He also confirms my boyfriend and I’s suspicions. “You got destroyed.”

We laugh about it. I tell him it felt like sitting in a carnival dunk tank. You don’t think that anyone is really going to hit the target and send you splashing into the cold water. Until, of course, someone gets lucky. The redditors of r/RoastMe hurled a virtual insult or two that struck right at my deepest insecurities. Redditor u/know_comment hit a bullseye: “Those teeth are clearly representative of OP’s journalism career: yellow and full of gaps.”

Allam can relate. Four years ago, he posted his own roast. It reads: “I have readied my anus, Reddit. Roast away.” The post got 1,200 comments and 7,700 upvotes.

He calls his roast “beautiful,” but also “terrible.” Users joked about his looks, his bright pink t-shirt, and his beard. The top comment on Allam’s roast? “Your face says ISIS, but your shirt says Forever 21.”

“I’m half Greek, half Lebanese, so there were a lot of terrorist jokes, but hilariously so,” Allam says. “I got destroyed, too.”

“You’re laughing, reading through comments, and you stop and say ‘Wait a fucking second! That actually hurts!’”

That sting, though, is why some people go to r/RoastMe in the first place. They’re hoping to use the experience and have a lasting impact on their emotional lives.

r/Resiliency

If r/RoastMe has one silver lining, perhaps it is that it helps us take criticism in real life.

That, at least, is how user u/jeryche, another r/RoastMe poster, decided to use the subreddit.

In u/jeryche's post on r/RoastMe, they include a short bio outlining their struggle with an “overwhelming fear of rejection and criticism.” Their therapist took the photo. “Be as cruel as possible to help cure me!” the post says.

Kalman agrees that r/RoastMe is a good place to get an education in taking criticism. Sure, people go there looking for a laugh. But maybe, like u/jeryche, they are in search of something more — they want to cultivate resilience.

“If they can be insulted over and over again on Reddit, then they can handle insults and they won’t get upset in real life. They become emotionally more healthy if they can handle it,” Kalman says.

u/jeryche was scared of what the roasters might surface, but overall, the roast was “massively helpful,” they say.

“It's so rare that people actually open themselves up to honest, negative feedback about themselves, especially about the way they look. I wasn't expecting it, but it actually opened up some major issues I have about my body image that I'm now working up in therapy,” they say.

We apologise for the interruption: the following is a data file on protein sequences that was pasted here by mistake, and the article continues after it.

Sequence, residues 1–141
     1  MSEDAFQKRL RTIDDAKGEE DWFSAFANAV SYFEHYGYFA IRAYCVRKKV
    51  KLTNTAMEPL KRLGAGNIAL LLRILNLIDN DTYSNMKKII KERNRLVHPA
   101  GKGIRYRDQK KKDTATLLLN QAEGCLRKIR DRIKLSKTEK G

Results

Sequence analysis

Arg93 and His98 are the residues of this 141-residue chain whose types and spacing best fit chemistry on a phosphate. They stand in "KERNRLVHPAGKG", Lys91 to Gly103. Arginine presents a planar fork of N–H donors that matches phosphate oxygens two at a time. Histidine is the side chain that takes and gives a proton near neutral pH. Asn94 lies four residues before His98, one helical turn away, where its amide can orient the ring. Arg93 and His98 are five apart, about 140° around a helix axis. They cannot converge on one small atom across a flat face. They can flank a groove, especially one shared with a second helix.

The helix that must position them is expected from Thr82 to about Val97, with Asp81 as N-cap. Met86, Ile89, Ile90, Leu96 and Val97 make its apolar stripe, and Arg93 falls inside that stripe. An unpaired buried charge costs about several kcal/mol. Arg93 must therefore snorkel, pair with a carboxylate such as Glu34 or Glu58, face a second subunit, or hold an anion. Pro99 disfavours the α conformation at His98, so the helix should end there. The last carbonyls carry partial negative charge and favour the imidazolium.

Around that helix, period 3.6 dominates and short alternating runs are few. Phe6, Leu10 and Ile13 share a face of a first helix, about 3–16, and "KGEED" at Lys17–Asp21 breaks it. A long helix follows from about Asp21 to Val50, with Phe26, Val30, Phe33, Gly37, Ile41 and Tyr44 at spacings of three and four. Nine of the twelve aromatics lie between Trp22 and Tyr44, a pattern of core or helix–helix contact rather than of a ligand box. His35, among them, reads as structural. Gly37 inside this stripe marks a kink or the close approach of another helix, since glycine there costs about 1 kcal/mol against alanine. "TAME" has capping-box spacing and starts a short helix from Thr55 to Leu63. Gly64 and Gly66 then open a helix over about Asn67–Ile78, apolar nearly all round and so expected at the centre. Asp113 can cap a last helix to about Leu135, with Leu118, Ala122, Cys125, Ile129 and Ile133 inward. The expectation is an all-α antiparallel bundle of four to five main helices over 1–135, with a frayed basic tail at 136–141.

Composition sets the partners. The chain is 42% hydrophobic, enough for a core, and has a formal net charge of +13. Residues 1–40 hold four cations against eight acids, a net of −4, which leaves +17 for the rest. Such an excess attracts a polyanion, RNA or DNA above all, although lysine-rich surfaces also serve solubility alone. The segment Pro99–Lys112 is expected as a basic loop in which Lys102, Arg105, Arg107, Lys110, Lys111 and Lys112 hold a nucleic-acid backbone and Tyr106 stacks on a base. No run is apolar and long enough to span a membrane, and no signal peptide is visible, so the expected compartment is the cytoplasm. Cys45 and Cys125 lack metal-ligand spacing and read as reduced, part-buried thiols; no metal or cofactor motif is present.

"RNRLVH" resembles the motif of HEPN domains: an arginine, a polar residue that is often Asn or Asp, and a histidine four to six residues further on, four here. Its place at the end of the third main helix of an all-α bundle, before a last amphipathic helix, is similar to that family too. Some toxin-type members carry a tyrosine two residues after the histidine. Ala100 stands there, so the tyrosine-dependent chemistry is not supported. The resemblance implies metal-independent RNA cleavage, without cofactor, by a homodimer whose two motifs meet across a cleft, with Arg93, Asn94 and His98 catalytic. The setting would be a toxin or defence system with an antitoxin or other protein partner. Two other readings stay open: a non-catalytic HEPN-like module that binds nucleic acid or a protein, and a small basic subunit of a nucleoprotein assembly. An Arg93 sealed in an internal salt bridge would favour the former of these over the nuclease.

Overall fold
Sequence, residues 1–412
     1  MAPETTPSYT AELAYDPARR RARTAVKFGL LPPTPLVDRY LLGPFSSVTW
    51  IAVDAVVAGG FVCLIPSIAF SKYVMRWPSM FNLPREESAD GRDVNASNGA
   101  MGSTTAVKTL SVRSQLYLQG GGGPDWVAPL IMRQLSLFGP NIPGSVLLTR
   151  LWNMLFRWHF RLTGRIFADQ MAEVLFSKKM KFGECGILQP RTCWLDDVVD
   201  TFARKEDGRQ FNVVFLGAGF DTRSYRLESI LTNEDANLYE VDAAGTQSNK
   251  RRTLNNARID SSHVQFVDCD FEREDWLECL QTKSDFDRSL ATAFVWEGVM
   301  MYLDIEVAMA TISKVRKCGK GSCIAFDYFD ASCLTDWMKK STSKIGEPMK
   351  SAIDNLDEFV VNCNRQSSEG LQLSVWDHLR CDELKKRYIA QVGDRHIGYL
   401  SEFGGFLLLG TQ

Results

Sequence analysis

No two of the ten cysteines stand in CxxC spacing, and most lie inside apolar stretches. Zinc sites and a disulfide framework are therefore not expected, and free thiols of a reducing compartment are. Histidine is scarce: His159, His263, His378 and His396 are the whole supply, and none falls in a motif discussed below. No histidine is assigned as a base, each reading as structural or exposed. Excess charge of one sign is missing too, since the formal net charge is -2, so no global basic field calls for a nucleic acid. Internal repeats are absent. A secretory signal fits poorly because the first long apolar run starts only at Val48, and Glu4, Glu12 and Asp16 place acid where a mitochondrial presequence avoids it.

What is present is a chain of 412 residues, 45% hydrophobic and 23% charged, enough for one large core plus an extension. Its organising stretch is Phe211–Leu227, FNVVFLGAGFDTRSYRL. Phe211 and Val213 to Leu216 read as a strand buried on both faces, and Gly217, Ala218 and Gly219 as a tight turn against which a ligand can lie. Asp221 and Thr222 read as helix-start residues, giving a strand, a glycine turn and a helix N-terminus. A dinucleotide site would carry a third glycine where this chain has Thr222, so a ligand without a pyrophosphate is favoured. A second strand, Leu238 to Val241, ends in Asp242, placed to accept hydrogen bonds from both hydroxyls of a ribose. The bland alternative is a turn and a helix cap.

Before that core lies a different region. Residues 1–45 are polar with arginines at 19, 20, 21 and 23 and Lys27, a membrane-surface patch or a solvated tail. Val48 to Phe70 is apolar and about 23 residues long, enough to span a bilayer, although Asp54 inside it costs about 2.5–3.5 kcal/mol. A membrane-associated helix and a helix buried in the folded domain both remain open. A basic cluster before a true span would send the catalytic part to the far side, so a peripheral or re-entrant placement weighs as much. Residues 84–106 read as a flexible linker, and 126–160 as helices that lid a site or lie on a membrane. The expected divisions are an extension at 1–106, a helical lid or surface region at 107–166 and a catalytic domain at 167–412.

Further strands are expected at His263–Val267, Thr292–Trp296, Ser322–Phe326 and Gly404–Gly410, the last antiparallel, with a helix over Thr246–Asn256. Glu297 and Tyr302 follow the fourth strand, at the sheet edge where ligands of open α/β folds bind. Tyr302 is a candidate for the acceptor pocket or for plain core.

u/jeryche knows their experience may not apply to everyone. “I imagine for people with more features that don't meet society's beauty standards, r/RoastMe would be a lot more distressing and hurtful.”

"This community is amazingly warm and caring, and it shows."

From my own experience, I agree that r/RoastMe does have some resilience-building power. If resilience can be cultivated through practice, you might consider r/RoastMe the equivalent of stepping into the boxing ring for thousands of never-ending rounds. You come out bruised, yes, but tougher.

But the potential hurt from these insults may not be especially high in the first place. When insults come from someone you love and respect, the barb can be much more poignant. It was harder to have people I know in real life read the comments back to me (or send screenshots) than it was to see them attributed to anonymous usernames online.

The anonymity of r/RoastMe gives people license to “get away with vile behavior,” but it also allows them to be honest for the sake of the joke, Allam says.

“If you had someone you care about roast you, it might be hilarious, but it also might be uncalled for, because they know how to hurt you,” he says. “Internet strangers just press your buttons whenever you least expect it.”

In that way, r/RoastMe’s anonymity provides its greatest weakness and its greatest liability. You’ll be roasted with gusto, but it’s never personal.

Still, r/RoastMe takes on great responsibility. Chief among them is making sure that those who post on the subreddit are seeking the roast for the right reasons.

Going on the subreddit looking to improve your tolerance to criticism is one thing. Going on seeking confirmation of negative feelings will only make those feelings worse, Melanie Greenberg, a psychologist who writes for Psychology Today, tells me.